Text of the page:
IVASS, the Italian insurance regulator, recently approved regulations on the look-through approach to determine the solvency capital requirements of insurers under the Italian Insurance Code, the EU Solvency II Directive and the European Commission Delegated Regulation. The solvency capital requirement will be determined by applying the look-through approach to collective investment schemes and market, underwriting and counterparty risks.
The Italian insurance regulator recently published a proposal to amend Regulation 35/2010 on the disclosure and advertising of insurance products. The proposed amendments concern the simplification of the information note for third-party car insurance and other damages, new cases of exemption from the obligation to submit an information note and new methods for submitting pre-contractual documentation.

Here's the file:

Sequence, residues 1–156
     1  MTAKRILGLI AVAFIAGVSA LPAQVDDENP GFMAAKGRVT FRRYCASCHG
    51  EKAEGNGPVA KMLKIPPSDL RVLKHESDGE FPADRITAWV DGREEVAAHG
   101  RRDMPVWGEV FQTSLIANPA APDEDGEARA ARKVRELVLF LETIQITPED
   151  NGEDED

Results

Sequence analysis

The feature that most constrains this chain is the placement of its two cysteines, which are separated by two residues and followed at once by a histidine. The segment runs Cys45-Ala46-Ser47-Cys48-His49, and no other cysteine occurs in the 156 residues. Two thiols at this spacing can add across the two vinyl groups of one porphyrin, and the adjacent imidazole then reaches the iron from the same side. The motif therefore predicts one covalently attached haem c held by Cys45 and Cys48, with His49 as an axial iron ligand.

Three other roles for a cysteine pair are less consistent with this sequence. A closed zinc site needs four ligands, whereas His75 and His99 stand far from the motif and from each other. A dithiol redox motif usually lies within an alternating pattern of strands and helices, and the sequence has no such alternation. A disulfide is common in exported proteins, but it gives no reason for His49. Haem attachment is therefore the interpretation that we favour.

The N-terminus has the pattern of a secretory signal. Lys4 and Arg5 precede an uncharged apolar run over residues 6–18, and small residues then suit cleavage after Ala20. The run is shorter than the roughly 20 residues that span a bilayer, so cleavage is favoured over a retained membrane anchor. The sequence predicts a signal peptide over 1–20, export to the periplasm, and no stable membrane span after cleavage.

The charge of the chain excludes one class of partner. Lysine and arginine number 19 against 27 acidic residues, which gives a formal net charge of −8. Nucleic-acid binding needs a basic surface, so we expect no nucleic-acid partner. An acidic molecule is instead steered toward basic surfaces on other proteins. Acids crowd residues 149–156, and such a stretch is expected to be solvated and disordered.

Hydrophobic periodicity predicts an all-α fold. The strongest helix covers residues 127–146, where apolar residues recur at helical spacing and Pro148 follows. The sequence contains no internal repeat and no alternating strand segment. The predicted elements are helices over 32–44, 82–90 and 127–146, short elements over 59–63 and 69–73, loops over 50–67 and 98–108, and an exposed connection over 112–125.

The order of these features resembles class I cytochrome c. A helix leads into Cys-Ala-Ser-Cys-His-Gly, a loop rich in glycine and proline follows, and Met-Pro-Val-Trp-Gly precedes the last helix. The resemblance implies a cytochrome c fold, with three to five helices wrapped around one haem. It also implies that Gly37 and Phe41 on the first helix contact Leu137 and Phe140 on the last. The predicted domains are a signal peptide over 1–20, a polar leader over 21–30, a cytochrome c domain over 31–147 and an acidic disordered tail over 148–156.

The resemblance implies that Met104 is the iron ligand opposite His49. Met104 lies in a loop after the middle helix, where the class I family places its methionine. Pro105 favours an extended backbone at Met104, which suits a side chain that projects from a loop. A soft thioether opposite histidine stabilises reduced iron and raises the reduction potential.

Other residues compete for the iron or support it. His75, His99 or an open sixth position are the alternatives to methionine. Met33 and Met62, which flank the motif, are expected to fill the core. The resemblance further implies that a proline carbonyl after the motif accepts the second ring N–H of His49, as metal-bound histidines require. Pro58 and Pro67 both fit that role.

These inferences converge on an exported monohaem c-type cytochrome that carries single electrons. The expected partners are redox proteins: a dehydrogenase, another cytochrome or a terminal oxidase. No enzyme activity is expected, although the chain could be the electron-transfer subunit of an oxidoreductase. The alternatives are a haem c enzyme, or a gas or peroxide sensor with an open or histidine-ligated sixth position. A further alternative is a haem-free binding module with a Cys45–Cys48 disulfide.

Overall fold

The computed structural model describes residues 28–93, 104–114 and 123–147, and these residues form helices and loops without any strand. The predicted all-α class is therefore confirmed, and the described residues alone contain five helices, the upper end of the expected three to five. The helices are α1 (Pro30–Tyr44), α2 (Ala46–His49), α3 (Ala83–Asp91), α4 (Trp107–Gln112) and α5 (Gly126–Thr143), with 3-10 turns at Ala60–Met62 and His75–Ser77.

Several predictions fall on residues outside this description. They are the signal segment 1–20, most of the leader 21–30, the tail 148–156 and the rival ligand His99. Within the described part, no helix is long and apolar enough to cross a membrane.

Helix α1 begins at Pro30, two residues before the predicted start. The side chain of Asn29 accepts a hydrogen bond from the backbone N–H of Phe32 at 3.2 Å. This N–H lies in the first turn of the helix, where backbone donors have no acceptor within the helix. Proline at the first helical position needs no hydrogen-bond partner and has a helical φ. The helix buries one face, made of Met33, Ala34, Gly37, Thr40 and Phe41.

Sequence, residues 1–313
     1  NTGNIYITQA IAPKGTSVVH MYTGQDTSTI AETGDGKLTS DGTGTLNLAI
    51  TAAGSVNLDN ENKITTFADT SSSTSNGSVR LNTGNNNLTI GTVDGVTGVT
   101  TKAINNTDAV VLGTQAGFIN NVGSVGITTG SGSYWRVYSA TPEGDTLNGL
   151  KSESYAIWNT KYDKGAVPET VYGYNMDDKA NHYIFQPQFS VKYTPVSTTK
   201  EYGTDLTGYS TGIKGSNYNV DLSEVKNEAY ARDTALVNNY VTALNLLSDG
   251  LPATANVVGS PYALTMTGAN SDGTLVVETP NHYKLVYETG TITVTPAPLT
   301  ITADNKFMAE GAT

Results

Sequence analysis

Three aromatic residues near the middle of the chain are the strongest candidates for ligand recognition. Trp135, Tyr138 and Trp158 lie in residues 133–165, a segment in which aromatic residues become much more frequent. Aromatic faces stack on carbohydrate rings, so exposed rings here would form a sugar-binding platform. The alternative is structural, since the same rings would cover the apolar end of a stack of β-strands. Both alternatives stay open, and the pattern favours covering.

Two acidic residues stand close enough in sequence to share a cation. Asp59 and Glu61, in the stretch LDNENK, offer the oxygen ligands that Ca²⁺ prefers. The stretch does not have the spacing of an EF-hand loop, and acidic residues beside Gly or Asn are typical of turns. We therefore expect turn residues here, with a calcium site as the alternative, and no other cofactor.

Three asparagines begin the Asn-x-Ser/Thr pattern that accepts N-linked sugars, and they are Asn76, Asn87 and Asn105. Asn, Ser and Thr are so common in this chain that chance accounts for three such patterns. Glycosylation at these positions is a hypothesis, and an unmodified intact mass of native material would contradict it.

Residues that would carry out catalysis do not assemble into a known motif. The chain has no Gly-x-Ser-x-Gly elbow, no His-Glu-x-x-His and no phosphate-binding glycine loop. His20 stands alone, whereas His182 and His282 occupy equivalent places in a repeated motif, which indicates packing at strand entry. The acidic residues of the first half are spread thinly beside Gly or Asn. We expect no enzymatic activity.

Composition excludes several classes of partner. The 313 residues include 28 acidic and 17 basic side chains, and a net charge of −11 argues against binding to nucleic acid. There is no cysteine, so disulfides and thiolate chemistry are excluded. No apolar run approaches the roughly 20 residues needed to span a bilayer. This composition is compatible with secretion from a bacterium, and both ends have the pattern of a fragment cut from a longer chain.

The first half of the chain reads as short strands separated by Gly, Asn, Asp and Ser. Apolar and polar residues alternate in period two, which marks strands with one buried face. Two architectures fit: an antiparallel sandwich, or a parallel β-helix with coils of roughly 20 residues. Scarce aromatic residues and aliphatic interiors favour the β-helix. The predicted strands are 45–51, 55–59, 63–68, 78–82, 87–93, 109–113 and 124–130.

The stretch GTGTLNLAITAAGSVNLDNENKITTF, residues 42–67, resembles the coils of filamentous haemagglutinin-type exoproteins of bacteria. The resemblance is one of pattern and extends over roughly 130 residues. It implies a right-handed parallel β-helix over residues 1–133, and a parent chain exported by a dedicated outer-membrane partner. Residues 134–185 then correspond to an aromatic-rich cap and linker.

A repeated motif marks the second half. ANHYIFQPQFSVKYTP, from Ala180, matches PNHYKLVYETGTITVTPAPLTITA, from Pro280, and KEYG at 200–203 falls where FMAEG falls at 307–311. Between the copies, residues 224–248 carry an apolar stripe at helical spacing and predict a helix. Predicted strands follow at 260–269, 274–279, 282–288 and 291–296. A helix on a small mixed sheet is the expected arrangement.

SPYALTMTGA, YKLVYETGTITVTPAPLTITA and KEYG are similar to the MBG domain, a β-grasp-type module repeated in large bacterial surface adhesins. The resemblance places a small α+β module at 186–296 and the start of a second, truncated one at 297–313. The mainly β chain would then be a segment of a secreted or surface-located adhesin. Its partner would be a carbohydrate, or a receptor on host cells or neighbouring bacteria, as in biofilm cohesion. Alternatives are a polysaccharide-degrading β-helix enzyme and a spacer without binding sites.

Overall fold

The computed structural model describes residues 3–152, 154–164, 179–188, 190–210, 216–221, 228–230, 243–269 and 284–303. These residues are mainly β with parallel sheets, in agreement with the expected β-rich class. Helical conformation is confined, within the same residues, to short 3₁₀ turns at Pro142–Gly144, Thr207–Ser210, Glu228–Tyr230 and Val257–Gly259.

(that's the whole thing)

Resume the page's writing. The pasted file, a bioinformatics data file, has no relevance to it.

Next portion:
The Italian insurance regulator recently published Consultation Paper 7, which amended Regulation 5/2006 by introducing new methods for transmitting requests and communications required to maintain the Single Register of Insurance and Reinsurance Intermediaries. The consultation paper proposes that insurance and reinsurance intermediaries adopt an electronic signature for requests or communications relating to the register.
The Joint Divisions of the Supreme Court recently published a long-awaited judgment on the validity and enforceability of claims-made clauses. In line with its previous judgments, the court established that in civil liability insurance contracts, claims-made clauses are not unfair. The grounds of the judgment establish a number of additional principles of law which appear reassuring for market players.
A recent Court of Cassation ruling established that the stipulation of a limit does not constitute an essential element of a civil liability insurance contract. The ruling demonstrates the importance of setting out clear provisions regarding the limits and sub-limits in civil liability policies, and the burden of proof concerning their application in particular.